Thanks for sharing how I could improve the accuracy of the acoustic targets. I actually wasn’t sure how that worked, but it makes sense. And I’m with you. Having all the target plot and velocity data cataloged in digital format automatically would sure be helpful. I guess if I’m doing an experiment on precision where I need 0.001″ precision, I could just break out the calipers and measure those targets manually – but use an acoustic target setup for 99% of the time I’ll be shooting in the tunnel. Honestly, for things like load development 0.01″ precision likely gives you what you need to see patterns. In fact, I’d suspect if you are comparing loads and going to 0.001″ you are likely fooling yourself, because it’d take a sample size of more than 50 shots for each load to be able to know if those minute differences were real or just noise in the data. (If others are reading this and don’t believe me, you should read this article.)
I was actually out at my property today trying to figure out how I could run wiring outside the tunnel. You bringing it up again tells me that I’ll regret it or will end up redoing it at some point if I don’t!
Ken, I sincerely appreciate all the advice and sharing your experience. I’d suspect you might have helped with more high-end enclosed ranges than anyone else in the world, so I’m honored you’d help me out on my little project.
> I’m fairly certain that the route I’d need to take would exceed the max length for a single run of a network (most recommend 290-330 feet)…
That’s the least of your problems. Yes, there is a limit on “normal” Ethernet copper cables, although there is some difference in quality/design of the cable that could allow longer runs.
But there are optical equivalents that allow you to use fiber-optic cable instead of copper. Getting 1 gigabit connection over 100-200 yards is no trouble. Look for something that supports 1000Base-SX (short range multi-mode fiber) that is probably the most cost effective starting technology.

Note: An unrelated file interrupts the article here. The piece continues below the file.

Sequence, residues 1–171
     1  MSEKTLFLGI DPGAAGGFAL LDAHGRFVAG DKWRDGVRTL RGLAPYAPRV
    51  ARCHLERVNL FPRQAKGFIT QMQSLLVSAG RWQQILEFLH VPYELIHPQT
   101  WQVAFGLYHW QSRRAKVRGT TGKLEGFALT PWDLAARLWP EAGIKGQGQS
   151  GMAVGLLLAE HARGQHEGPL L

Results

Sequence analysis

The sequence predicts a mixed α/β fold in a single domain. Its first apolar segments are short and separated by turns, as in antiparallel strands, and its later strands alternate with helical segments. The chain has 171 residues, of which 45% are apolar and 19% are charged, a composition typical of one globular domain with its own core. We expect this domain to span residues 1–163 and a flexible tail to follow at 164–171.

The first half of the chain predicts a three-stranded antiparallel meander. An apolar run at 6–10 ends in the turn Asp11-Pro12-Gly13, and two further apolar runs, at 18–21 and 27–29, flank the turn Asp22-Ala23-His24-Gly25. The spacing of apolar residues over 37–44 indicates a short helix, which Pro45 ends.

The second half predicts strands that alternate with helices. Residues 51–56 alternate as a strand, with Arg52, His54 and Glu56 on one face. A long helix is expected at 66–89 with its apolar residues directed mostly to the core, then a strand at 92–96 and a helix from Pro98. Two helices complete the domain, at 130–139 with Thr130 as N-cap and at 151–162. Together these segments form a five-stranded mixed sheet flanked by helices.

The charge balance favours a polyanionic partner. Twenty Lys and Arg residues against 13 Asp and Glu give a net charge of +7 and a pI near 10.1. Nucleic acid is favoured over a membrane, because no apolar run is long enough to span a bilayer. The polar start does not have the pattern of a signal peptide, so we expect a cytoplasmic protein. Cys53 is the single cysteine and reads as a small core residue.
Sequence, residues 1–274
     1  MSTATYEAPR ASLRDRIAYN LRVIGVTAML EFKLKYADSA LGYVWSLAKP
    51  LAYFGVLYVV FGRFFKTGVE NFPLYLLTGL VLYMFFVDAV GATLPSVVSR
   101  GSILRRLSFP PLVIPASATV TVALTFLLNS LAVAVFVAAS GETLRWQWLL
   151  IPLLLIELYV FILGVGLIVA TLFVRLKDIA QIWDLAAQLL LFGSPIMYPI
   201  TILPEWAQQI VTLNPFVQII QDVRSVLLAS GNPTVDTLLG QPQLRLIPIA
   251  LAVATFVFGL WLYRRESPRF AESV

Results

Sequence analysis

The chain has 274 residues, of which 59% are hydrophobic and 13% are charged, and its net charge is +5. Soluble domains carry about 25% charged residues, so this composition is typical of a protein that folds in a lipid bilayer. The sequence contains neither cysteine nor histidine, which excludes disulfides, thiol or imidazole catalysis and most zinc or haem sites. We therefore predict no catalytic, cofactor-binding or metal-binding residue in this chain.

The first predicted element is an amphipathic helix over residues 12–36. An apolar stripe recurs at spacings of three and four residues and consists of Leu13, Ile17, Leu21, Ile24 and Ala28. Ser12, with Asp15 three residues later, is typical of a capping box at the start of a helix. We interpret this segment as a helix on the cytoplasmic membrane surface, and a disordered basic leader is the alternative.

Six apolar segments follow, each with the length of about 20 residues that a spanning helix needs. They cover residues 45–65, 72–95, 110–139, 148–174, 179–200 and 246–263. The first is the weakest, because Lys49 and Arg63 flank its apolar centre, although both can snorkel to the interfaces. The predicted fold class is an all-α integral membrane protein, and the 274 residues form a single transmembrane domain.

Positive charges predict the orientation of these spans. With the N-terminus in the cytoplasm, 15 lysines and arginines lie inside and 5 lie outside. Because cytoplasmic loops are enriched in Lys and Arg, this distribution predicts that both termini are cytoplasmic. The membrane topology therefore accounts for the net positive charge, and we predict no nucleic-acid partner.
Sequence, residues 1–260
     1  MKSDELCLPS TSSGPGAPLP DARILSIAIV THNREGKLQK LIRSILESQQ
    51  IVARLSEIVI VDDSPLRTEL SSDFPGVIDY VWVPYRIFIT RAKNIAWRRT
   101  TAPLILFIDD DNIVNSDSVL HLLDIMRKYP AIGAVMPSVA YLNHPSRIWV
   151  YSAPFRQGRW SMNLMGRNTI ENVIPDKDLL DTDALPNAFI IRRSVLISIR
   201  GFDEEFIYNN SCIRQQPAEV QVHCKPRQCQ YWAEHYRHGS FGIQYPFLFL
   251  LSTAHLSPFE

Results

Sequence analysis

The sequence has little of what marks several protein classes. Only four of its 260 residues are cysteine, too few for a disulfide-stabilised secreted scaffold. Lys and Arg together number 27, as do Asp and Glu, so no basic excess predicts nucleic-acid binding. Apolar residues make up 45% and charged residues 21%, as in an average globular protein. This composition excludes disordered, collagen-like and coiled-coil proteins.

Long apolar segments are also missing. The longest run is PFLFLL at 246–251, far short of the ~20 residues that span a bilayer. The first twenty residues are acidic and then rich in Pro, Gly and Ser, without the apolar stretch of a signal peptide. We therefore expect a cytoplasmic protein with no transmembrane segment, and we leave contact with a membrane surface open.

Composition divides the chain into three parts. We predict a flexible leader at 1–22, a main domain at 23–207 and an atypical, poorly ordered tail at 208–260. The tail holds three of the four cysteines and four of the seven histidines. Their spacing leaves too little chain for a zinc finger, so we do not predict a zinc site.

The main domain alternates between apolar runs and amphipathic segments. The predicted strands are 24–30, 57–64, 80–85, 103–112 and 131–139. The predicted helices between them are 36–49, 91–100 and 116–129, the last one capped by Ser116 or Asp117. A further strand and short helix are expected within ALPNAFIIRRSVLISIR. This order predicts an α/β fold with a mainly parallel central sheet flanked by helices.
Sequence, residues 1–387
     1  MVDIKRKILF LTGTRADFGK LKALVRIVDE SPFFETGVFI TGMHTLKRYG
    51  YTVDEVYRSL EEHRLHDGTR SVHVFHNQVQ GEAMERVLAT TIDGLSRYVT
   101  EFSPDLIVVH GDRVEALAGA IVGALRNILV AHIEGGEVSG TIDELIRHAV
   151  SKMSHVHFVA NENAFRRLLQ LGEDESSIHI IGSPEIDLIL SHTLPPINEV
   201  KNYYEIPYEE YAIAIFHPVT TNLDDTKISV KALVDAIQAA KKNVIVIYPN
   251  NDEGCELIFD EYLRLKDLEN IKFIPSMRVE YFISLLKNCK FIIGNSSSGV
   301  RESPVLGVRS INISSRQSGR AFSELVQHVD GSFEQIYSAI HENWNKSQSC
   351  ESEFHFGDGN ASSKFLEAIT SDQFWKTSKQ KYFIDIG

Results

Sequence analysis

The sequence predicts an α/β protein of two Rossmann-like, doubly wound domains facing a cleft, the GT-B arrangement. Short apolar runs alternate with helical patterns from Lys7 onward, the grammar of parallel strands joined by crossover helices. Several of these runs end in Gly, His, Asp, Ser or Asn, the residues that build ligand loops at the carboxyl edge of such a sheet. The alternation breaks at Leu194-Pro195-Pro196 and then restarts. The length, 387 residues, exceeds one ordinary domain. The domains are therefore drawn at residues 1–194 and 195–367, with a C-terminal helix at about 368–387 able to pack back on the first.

The easiest solution is probably “extenders” which can convert normal copper (known as 1000Base-T) to connect to OM1 multi-mode fiber – which should be able to run at least 200m (up to 550m for OM-2 fiber).
Any network person should be able to help you here with a cost-effective solution. Two converters might cost you $75-150 and the fiber-optic cable about $1 per meter (or less).
Plug and play.
Very interesting. Thanks for the tip!
Thinking out of the “tube” (couldn’t resist )….if the muzzle extended into a chamber, maybe 20′ long, with maybe a 6″ hole in the far end, made of a flexible transparent material . Would it contain the contaminated air ??? Maybe an air evacuation system in the chamber ??? Lots of “maybes”.
Hey, Eddie. I think I’m following, and I’d suspect what you described would result in negligible amounts of contaminated air in the room where the shooter is. Honestly, what I have planned is not too different, although I wasn’t thinking the porthole I stick the barrel through would be airtight against the barrel or anything.
If I misunderstood what you were suggested, please let me know.
Cal, I was suggesting that the chamber might contain the powder and prevent it from going downrange. The fit on the barrel wouldn’t be critical nor would the exit hole if the chamber was exhausted, the exhaust would simply draw air into the chamber through the holes. it would also allow the shooter room could be heated and cooled separate from the tube. The flexible, clear curtain, hopefully, wouldn’t disturb the bullet, it would only contain powder. The 20′ chamber would be a containment space and a separator between the shooter room and the tube. I am watching “Myth Busters” tonight and they are “busting” shooting myths, maybe you should present them with “myth”…
I see. Thanks for the clarification. That’s an interesting thought experiment for sure. Maybe the technology will exist at some point, but I’m not sure what the flexible, clear curtain material could be today that wouldn’t potentially affect the bullet’s flight.